G.H. Neilsen, E.J. Hogue, and P. Parchomchuk
Application of high rates of P in the year of planting increased the number of flower clusters and fruit set the subsequent year on newly planted `Macspur McIntosh', `Summerland Red McIntosh', `Jonagold', and `Jonamac' apple (Malus domestica Borkh.) on dwarfing rootstock (M.26 and M.9) in three separate experiments. The effect occurred whether P was applied at rates of 36 or 48 g P/tree as granular monoammonium phosphate (11 N-23.6 P-0K) uniformly mixed with 100 or 180 liter of soil in the planting hole or at rates of 17.5 and 35 g P applied as soluble ammonium polyphosphate (10N-14.6P-0K) with the irrigation water. A leaf P concentration range between 0.20% and 0.36% was associated with the acceleration of fruiting.
D. Neilsen, P. Parchomchuk, G.H. Neilsen, and E.J. Hogue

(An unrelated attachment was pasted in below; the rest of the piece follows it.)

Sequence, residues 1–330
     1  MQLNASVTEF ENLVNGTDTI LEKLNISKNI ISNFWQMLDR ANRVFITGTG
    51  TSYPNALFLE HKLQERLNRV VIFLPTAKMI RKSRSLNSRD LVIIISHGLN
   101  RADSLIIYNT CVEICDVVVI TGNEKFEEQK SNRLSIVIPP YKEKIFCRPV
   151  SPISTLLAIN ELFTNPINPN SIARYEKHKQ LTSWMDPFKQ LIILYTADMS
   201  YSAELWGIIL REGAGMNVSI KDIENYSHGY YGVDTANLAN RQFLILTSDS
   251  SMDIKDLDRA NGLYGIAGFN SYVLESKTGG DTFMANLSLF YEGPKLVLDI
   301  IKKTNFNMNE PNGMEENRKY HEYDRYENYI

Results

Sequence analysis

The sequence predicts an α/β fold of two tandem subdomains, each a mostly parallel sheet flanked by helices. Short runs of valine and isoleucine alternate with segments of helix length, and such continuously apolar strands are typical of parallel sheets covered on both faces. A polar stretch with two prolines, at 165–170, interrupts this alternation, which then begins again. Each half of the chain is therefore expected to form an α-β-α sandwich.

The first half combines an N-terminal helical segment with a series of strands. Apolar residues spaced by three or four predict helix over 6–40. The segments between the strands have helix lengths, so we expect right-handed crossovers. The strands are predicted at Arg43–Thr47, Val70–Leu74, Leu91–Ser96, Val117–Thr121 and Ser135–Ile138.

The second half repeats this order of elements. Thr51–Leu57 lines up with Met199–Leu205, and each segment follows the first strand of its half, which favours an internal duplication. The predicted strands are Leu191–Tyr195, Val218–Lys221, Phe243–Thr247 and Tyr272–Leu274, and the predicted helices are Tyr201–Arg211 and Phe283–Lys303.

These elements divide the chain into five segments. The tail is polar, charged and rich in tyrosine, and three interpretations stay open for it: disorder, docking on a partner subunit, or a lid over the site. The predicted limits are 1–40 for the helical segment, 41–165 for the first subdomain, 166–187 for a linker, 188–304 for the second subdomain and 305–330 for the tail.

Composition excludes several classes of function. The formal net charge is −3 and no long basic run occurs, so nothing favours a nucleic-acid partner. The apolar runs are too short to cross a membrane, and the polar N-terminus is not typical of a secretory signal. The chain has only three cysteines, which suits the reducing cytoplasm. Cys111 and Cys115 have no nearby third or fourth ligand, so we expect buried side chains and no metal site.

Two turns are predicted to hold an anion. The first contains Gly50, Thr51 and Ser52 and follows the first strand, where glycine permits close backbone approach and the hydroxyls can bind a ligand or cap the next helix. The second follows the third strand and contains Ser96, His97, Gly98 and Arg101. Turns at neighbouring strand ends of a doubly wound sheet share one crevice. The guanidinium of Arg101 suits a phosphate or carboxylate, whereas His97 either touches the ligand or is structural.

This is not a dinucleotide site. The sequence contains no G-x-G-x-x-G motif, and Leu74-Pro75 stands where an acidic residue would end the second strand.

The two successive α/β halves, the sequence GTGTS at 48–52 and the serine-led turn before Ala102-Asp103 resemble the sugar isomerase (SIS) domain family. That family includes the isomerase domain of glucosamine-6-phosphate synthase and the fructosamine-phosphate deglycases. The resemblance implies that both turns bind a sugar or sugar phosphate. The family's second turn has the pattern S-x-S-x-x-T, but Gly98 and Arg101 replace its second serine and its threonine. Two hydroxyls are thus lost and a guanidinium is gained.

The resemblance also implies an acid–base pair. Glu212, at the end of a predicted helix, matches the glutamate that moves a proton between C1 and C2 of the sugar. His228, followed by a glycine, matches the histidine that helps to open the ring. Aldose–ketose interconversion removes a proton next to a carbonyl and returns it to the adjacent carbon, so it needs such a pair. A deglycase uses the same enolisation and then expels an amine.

Direct application of fertilizers in irrigation water (fertigation) is an efficient method of supplying nutrients to fruit trees. Information is needed on the relationship between irrigation and N inputs on N availability in order to target nutrient applications to meet plant demands. Soil solution was collected from permanently installed suction lysimeters and NO3-N concentration was measured over the growing season in three experiments: 1) comparison of sprinkler irrigation + broadcast fertilizer with weekly fertigation + daily drip irrigation; 2) comparison of (NH4)2SO4 or Ca(NO3)2 as N sources under daily fertigation; and 3) comparisons of combinations of irrigation applied at either fixed rates or to meet evaporative demand and fertilizer (Ca(NO3)2) applied daily either at fixed rates or to maintain a given concentration in the fertigation solution in two soil types—loamy sand and silt loam. Trials are located in high density apple plantings of either `Gala' or `Empire' apple (Malus × domestica Borkh.) on M.9 rootstock. Nitrate-N concentration in the soil solution measured at 30 cm deep remained higher, over more of the growing season, for weekly fertigation + daily drip irrigation than for a single broadcast fertilizer application + sprinkler irrigation. With daily Ca(NO3)2 fertigation, soil solution NO3- N concentrations increased and decreased rapidly with the onset and end of fertigation respectively, remained relatively constant during the intervening period and were directly proportional to either the amount of N or the amount of irrigation water added. Daily fertigation with (NH4)2SO4 resulted in less control of NO3-N availability in the root-zone than with Ca(NO3)2, which may be problematic for precise timing of N nutrition. Except for the fixed irrigation rate applied to the loamy sand soil, soil solution NO3-N concentrations at 30 cm beneath the emitter were similar to average concentrations in the fertigating solution, for all methods of irrigation management in both soil types. Elevated NO3-N concentrations in soil solution below the root zone (75 cm deep) were detected in the loamy sand regardless of methods of N application and irrigation although there was some evidence of less leaching to this depth, under scheduled irrigation. In the silt loam soil, considerably lower concentrations of NO3-N were found beneath the root zone than at 30 cm deep for all of irrigation procedures and frequently there was insufficient water moving to 75 cm to provide sample. Tree growth in the loamy sand was less than in the silt loam soil; was limited by low application of irrigation water in 1992 and 1993; was unaffected by NO3-N concentration in the root zone, indicating that N inputs could be minimized by adding N to maintain concentrations of 75 μg·mL-1 or possibly less. Nitrogen inputs may also be reduced if fertilizer N and irrigation water could be retained within the root zone. For coarse-textured soils this will require precise additions of water and possibly soil amendments to improve water holding capacity.